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Chapter 7: Secession Conventions in six States.

Dring the first thirty days of the year 1861, the disloyal politicians in six States of the Union, following the example of those of South Carolina, passed ordinances of secession and appointed delegates to a General Convention for the purpose of forming a Southern Confederacy. These ordinances were passed in the following chronological order:--In Mississippi, on the 9th of January; in Florida, on the 10th; in Alabama, on the 11th; in Georgia, on the 19th; in Louisiana, on the 26th; and in Texas, on the 1st of February. At the same time, large numbers of “Minute-men” in Virginia, under the control of ex-Governor Henry A. Wise, and others in Maryland, under leaders unknown to the public, were organized and drilled for the special purpose of seizing the City of Washington, and the Government buildings and archives there.

At the same time the conspirators, in several places, acting upon the counsel of those of South Carolina, began to plunder the National Government, by seizing its property in the name of certain States in which such property happened to be. Even in the loyal State of North Carolina, where there was no pretense of secession until four months later,

May, 1861.
the Governor, John W. Ellis, seized the forts within its borders,
January 8.
and the Arsenal at Fayetteville (into which Floyd had lately thrown seventeen thousand small arms, with accouterments and ammunition), under the pretext of securing them from occupation by mobs. He then wrote a letter to the President, telling him that if he (the Governor) could receive assurances that no troops would be sent to that State prior to the 4th of March (the day fixed upon by many as the one on which the first blow at the life of the Republic should be struck), then all would be “peace and quiet” there. “If, however,” he said, “I am unable to get such assurances, I will not undertake to answer for the consequences. The forts in this State have long been unoccupied, and these being garrisoned at this time will unquestionably be looked upon as a hostile demonstration, and will, in my opinion, certainly be resisted.” 1 The State troops were soon afterward withdrawn from the forts and the Arsenal.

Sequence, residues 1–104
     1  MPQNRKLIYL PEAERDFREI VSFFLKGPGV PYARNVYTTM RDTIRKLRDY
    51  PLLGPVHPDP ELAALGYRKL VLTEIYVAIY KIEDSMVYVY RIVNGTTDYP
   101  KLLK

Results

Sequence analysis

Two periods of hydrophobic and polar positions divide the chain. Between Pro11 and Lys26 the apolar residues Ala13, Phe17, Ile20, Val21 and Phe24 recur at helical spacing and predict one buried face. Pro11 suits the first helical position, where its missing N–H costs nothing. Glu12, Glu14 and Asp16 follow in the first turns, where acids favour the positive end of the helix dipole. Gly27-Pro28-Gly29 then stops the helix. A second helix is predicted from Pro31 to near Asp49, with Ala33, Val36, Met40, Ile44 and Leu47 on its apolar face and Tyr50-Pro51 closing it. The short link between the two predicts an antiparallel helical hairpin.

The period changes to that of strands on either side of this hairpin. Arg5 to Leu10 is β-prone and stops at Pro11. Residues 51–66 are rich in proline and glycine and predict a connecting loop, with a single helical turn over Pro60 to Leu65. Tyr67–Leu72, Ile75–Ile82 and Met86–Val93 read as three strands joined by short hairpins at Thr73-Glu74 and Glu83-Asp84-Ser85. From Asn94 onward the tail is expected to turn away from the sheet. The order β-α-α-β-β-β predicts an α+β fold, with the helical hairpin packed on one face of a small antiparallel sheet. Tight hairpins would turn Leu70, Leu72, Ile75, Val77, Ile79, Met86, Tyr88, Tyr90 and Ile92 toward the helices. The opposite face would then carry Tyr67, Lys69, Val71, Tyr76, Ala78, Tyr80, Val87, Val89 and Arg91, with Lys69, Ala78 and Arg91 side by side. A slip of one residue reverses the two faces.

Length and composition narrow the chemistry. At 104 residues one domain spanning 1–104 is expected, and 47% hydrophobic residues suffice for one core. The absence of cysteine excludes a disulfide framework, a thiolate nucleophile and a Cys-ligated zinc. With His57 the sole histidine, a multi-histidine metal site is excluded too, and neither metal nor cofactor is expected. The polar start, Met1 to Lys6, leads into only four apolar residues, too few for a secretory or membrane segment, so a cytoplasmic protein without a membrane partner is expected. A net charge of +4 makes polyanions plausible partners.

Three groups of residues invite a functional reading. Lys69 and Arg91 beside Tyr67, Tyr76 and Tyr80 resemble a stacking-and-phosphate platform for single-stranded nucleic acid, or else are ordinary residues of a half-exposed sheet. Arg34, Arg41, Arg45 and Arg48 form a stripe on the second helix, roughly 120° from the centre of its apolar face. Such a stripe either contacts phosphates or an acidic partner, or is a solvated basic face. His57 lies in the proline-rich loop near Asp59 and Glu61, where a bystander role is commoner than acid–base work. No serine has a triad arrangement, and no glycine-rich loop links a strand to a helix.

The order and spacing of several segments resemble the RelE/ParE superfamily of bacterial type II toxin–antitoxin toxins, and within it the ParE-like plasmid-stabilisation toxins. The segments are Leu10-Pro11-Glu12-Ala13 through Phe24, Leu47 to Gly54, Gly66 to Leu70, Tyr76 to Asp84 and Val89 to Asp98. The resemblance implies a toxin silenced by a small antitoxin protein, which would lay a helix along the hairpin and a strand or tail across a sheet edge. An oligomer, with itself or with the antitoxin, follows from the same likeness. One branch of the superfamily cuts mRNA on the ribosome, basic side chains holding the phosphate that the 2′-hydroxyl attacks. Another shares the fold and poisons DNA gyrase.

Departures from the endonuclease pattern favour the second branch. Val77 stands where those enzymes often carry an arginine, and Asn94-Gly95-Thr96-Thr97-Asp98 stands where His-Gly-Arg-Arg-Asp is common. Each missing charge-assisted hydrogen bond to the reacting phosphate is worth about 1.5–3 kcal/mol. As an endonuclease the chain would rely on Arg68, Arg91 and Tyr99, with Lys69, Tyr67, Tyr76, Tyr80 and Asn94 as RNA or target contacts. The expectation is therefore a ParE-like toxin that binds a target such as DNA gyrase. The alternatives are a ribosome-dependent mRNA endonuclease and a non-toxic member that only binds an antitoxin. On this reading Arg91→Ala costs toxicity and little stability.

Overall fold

The politicians of Mississippi were the first to follow the example of those of South Carolina. We have already observed initial movements there, by the Legislature authorizing a State Convention, and the appointment of Commissioners to visit other Slave-labor States.2 Immediately [162] afterward the whole State was excited by preparations for the election of delegates to the Convention, ninety-nine in number. The 20th day of December was the time appointed for the election, and the 7th of January

was the day selected for the Convention to assemble. Public meetings were held in all parts of the State, at which the most distinguished men in the Commonwealth were speakers.3

There was a diversity of sentiment among the politicians in Mississippi, mainly on the question whether there should be immediate, separate, and independent State action, or whether they should wait for the co-operation of other States. Two parties were formed, one called the “Secessionists” proper, the other “Co-operationists.” Each was zealous in a bad cause, for all had determined on secession in some form. “These are but household quarrels,” said one of the “Co-operationists ;” “as against Northern combination and aggression, we are united. We are all for resistance. We differ as to the mode; but the fell spirit of Abolitionism has no deadlier, and, we believe, no more practical foes than the ‘Co-operationists’ of the South. We are willing to give the North a chance to say whether it will accept or [163] reject the terms that a united South will agree upon. If accepted, well and good; if rejected, a united South can win all its rights, in or out of the Union.” The Co-operationists, swayed by reason rather than by passion, counseled waiting for an overt act of wrong on the part of the incoming Administration, before raising the resisting arm. This counsel the Hotspurs denounced as cowardly in thought and disastrous in practice; and one of their poets, with bitter irony, put submissive words into their mouths, calculated to stir up the passions of the people. He said:--